“Who hasn’t had the desire just to be someone else for a while? Dressing up is a way of creating an alter ego, a second skin which one’s behaviour can be adjusted to and causes a person to be perceived differently.”

“Just the two of us” by Klaus Pichler deals with both costumes and the people behind them…

The tradition of dressing up and wearing costumes has been part of many
traditional special celebrations in society for centuries. They are usually part of a
spectacle, a display or a communal activity which often turns everyday routines
upside down and gives permission to behave in a way which is not acceptable in
“real life”. In recent years, in addition to the traditional practices of wearing costumes,
several new individual trends have become established where dressing up is either
the main element or a vital part of it. In this series of photographs, a range of
different traditions are portrayed in order to highlight the huge variety amongst the
wide range of costumes which is currently available…

Just the two of us, Klaus Pichler, 2013

Just the two of us, Klaus Pichler, 2013

Just the two of us, Klaus Pichler, 2013

Just the two of us, Klaus Pichler, 2013

Regardless of the motivating factors which cause somebody to acquire a costume,
whether it is part of a cultural heritage, fandom, a prop for a game or a complete
reinvention of one’s own identity, the main principle remains the same: the civilian
steps behind the mask and turns into somebody else. This increasing desire for
transformation, the creation of a kind of parallel reality and identity, can without a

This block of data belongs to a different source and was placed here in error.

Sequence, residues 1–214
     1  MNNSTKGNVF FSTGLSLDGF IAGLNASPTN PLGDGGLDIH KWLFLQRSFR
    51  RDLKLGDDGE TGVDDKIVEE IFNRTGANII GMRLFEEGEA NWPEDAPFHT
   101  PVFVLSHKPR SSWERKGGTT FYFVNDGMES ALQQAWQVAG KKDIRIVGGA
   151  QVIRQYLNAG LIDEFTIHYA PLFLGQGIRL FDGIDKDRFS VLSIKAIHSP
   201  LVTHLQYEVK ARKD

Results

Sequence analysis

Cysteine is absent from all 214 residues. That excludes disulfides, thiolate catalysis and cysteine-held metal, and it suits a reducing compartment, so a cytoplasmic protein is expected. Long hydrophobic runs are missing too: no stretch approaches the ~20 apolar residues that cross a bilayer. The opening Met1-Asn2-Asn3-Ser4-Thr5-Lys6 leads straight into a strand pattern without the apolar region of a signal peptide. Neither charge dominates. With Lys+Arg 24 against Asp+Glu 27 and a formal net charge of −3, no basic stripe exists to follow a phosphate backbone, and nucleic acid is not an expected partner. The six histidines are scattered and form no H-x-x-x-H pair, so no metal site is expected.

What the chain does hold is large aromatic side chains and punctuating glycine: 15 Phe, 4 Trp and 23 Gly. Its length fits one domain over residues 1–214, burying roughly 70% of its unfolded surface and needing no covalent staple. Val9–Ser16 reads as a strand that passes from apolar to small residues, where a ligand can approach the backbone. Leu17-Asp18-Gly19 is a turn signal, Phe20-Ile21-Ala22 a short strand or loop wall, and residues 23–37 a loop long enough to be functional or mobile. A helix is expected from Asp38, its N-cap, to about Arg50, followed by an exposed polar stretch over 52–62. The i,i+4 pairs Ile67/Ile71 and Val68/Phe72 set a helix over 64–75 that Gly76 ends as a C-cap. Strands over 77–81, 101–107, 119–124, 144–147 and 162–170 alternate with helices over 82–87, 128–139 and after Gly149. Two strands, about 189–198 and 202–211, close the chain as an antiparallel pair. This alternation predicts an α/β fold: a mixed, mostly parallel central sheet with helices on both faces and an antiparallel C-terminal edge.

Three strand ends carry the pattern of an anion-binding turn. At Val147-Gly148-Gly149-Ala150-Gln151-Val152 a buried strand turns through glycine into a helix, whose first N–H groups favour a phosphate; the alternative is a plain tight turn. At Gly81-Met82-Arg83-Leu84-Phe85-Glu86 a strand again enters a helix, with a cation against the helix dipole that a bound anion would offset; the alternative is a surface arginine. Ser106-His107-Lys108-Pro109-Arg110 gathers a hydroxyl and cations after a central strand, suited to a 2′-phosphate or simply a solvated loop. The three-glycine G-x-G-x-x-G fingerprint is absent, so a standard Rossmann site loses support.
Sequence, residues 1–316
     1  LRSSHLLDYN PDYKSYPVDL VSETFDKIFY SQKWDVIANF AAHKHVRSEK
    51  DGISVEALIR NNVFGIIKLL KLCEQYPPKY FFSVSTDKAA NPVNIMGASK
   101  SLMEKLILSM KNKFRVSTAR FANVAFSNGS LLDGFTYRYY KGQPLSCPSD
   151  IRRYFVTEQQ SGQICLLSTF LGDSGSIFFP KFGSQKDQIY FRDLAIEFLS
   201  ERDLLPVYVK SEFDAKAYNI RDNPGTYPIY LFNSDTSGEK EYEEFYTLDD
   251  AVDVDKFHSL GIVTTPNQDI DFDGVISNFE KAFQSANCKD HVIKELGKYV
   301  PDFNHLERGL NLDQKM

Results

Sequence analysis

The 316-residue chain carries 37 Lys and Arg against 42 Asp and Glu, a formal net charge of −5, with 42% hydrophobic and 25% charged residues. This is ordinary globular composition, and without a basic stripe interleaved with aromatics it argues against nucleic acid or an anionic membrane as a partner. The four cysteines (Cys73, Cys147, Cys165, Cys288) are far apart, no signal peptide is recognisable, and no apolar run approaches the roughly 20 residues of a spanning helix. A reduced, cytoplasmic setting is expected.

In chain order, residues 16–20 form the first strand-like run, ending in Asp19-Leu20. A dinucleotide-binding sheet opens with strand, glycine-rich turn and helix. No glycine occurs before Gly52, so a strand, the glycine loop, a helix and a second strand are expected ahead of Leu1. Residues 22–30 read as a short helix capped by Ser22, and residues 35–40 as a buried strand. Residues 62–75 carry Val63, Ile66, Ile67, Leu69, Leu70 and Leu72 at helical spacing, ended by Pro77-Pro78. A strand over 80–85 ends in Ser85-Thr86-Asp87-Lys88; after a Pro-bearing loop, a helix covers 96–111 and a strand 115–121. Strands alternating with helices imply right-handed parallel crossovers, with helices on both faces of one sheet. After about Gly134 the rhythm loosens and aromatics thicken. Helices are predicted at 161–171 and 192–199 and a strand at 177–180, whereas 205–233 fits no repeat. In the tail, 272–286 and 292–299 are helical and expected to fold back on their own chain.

doubt be related to increasingly difficult circumstances in society. Therefore,
dressing up and related activities can, in this context, be regarded as a temporary
withdrawal from civil life. The selection of a certain mask is never a coincidence-
the preference of a certain costume is always based on a conscious decision- which
may be a passion for the thematic background of a costume or the identification
with character traits of the individual figure. The sheer amount of time which is
invested in the creation of handmade costumes is evidence of the fact that the
decision to dress as a certain character is usually well thought through.

 

Therefore, each costume indirectly conveys information about the person behind it.
For the photo series “Just the two of us” Pichler visited owners of elaborate costumes in
their own homes. The choice of location is not a coincidence: Nowhere else is the
(abstract) link between the person behind the mask and his or her alter ego as visible
as in their own home. Nowhere else would it have been possible to portray the mask
and, figuratively speaking, the person behind it on the same picture. The costume-
usually full body costumes, which completely conceal the “private” person-
represents the alter ego whilst the surrounding living space, so to speak, the
“backdrop” or stage design cautiously impart information about the person behind
the costume. The circumstances in which the costumes are usually worn are
purposely reversed to the exact opposite: In most cases, dressing up is inevitably
linked to social activity. On the photos of this series, however, the costume owners
stay “at home”. In order to further emphasize this reversal, the people on the photos
are (opposed to the original purpose of the costume) pictured quietly pursuing everyday activities…

Just the two of us, Klaus Pichler, 2013

Just the two of us, Klaus Pichler, 2013

Just the two of us, Klaus Pichler, 2013

Just the two of us, Klaus Pichler, 2013

The purpose of this setting is to create questions: Why did the person choose this
particular costume? Does the decoration style of the home give any kind of clues? Who on earth is behind the mask?
And, most importantly, the question at the centre of it all: Aren’t we all behind a mask already…?

Just the two of us, Klaus Pichler, 2013

Just the two of us, Klaus Pichler, 2013